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3PC-034 Development and validation of a method for the determination of vancomycin eye drops by ultraviolet-visible spectrophotometry
  1. B Mathat1,
  2. C Delaunay1,
  3. E Olivier1,
  4. C Herrenknecht2,
  5. N Cormier1
  1. 1CHU Nantes Hôtel Dieu, Pharmacotechnics, Nantes, France
  2. 2University of Pharmacy, Analytical Chemistry, Nantes, France

Abstract

Background and importance Vancomycin is used as fortified eye drops for the treatment of bacterial keratitis. Given the absence of an available equivalent speciality, the hospital pharmacy prepares these eye drops under aseptic conditions. Content uniformity is required before each batch is released.

Aim and objectives The objective of this study was the development and validation of a method for vancomycin eye drops dosage by ultraviolet-visible spectrophotometry.

Material and methods Analyses were performed at 280 nm. The method was validated according to the International Conference on Harmonisation (ICH) Q2(R1): specificity, linearity, repeatability, intermediate precision, accuracy, limit of detection, limit of quantification. Memory effect, vial equivalence and background noise were studied. Five standard solutions were performed from 0.1 to 0.4 mg/mL and a 200th dilution to analyse the samples. A relative standard deviation (RSD) of 5% was accepted for each of the criteria.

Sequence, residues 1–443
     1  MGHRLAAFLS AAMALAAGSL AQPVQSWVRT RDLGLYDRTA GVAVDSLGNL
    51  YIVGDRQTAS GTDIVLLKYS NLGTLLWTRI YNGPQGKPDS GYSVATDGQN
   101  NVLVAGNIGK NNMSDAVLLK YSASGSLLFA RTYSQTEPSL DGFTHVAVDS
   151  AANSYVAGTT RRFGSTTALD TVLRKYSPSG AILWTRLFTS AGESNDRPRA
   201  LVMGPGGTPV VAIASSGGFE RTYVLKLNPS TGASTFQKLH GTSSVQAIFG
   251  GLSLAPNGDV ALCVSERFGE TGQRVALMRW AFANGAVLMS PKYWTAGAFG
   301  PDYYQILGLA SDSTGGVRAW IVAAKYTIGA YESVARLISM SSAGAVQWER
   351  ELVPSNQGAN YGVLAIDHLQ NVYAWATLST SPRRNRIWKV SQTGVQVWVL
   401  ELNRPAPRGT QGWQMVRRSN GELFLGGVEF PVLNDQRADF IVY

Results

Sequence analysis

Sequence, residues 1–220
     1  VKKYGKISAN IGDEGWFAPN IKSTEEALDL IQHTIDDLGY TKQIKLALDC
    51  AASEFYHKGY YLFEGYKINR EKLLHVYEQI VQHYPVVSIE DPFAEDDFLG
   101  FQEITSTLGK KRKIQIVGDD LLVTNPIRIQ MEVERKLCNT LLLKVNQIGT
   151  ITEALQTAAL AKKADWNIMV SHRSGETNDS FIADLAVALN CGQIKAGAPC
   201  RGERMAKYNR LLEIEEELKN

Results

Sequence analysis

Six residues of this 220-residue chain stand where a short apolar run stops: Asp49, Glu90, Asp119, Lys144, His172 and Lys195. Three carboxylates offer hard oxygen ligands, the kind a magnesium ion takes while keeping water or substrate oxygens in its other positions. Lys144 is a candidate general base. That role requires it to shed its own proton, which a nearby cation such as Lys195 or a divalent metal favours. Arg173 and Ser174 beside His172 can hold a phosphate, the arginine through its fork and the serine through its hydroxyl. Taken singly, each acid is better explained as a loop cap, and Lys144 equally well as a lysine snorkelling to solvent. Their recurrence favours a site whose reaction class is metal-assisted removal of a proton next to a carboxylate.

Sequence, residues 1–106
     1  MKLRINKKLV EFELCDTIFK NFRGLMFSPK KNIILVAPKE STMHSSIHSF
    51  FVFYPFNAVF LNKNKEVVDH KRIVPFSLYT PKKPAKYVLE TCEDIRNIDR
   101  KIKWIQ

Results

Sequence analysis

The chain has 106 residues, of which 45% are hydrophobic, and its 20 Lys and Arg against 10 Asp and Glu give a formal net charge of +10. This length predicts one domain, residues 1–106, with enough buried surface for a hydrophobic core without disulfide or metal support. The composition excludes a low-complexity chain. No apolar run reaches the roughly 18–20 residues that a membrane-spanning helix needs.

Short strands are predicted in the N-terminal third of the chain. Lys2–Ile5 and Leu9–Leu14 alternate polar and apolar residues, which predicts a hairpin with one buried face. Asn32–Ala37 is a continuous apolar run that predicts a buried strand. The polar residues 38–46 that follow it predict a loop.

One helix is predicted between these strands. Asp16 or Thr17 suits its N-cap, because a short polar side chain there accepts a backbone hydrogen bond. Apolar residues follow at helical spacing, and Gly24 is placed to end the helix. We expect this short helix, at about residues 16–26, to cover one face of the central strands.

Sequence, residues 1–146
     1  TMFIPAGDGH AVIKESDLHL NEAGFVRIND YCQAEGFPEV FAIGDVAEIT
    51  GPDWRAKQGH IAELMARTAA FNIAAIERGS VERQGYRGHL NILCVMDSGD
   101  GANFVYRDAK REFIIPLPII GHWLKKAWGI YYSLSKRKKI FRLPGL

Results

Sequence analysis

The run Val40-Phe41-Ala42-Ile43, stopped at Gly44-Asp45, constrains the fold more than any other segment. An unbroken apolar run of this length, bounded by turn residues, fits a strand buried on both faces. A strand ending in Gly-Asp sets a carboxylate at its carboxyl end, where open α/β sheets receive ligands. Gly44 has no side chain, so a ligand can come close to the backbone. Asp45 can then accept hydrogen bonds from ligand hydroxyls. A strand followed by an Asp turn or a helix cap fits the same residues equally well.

Results The method was specific. The equivalence of vials was demonstrated with a variation of 0.58%. The background noise measured variations up to 0.00097 mg/mL. Linearity was established with the equation y=4.6489x–0.0256 and R²=0.9975. RSD were 1.91% for repeatability and 4.65% for intermediate precision. The recovery rates varied between 98.5% and 101.9%. The limit of detection was 0.007 mg/mL and the limit of quantification was 0.021 mg/mL.

Conclusion and relevance When measuring accuracy, the prepared eye drops had a vancomycin concentration of 45 mg/mL and not 50 mg/mL as expected. After questioning our manufacturing protocol we questioned our supplier. The powder vials contained a quantity of vancomycin base equivalent to an antimicrobiological activity of 1 000 000 UI/vial. Legislation requires presentation in milligrams and UI. The amount of vancomycin base in a vial therefore varied between 850 mg and 950 mg depending on the initial content of active ingredient and was not 1 g as indicated.

The analytical method was validated. The method is suitable for routine use due to its speed and accuracy allowing a control before release of each batch of our eye drops.

Conflict of interest No conflict of interest

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